In women’s health, it’s even worse. The powers of the magical vagina are so strong that even saying the V word can get men or women fired from jobs. Just recently, a high school health teacher was fired for teaching female anatomy and daring to ascribe the proper terminology to the female reproductive organs. In the overly litigious and ridiculously tabooed work environment, I suspect even using the word vagina in polite company might yield claims of sexual harassment (oh, our sensitive ears). And don’t even think about showing pictures of the female pelvic anatomy – that would be porn.

Even common medical imagery of the female sexual anatomy is often neutered with Barbie parts. Really, it is.

This is something that I recently and quite accidentally discovered; medical and scientific renderings of the female pelvic anatomy are not always complete (I suspect similarly incomplete imagery for male anatomy but have yet to investigate). Nerves, blood vessels, and the like, end well before reaching the magical, mystery areas of the female labia and clitoris. Indeed, in many illustrations those regions do not exist but are replaced by neutered Barbie parts. Keep the magic and mystery alive. Who knows what would happen if we were to show those sacred anatomical features. Oh no, women might realize there are nerves down there. Worse yet, physicians might recognize that there are nerves and begin understanding that the ‘psychogenic’ sex pain could be nerve compression. Gads, we’d lose the multi-billion dollar antidepressant industry.

If we can’t have adult conversations about sex or sexual anatomy or accurately portray visual images of human sexual organs without risk of repercussion, how in the world are we to treat diseases that affect said organs? A more fundamental question – would we have more fun if the tools of the trade were more thoroughly understood and appreciated? Perhaps.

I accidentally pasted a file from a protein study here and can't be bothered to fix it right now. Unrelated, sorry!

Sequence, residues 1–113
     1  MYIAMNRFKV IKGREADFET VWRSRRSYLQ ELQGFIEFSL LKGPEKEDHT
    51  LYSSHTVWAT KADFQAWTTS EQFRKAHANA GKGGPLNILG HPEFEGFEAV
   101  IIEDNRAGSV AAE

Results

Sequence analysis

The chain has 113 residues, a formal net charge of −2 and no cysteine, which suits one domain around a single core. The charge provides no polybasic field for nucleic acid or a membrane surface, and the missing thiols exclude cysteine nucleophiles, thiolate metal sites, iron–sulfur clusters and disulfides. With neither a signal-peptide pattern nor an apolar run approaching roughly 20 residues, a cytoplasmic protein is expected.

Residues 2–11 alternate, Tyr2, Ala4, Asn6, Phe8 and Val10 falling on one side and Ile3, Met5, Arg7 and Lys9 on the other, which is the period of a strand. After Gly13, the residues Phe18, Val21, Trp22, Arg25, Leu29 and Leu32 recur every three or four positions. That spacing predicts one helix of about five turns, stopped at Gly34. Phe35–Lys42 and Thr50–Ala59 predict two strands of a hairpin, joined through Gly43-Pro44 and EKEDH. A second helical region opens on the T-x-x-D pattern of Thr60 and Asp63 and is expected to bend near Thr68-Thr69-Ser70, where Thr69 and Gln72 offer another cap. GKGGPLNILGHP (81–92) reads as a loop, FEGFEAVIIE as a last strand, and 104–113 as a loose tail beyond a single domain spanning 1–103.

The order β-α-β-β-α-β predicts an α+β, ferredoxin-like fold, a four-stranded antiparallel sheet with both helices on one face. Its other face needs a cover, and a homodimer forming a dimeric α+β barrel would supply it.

Some interesting sites with complete pelvic anatomy and information about male and female nerve damage:

Learn pelvic anatomy. Break the taboos.

Chandler Marrs MS, MA, PhD spent the last dozen years in women’s health research with a focus on steroid neuroendocrinology and mental health. She has published and presented several articles on her findings. As a graduate student, she founded and directed the UNLV Maternal Health Lab, mentoring dozens of students while directing clinical and Internet-based research. Post graduate, she continued at UNLV as an adjunct faculty member, teaching advanced undergraduate psychopharmacology and health psychology (stress endocrinology). Dr. Marrs received her BA in philosophy from the University of Redlands; MS in Clinical Psychology from California Lutheran University; and, MA and PhD in Experimental Psychology/ Neuroendocrinology from the University of Nevada, Las Vegas.

1 Comment

  1. How ridiculous that sex organ terminology is acceptable and even commonplace on TV but not in a high school biology lesson! And yes, I have heard of the pudendal nerve and actually came across it again today while working on my next article about anatomical changes caused by hysterectomy.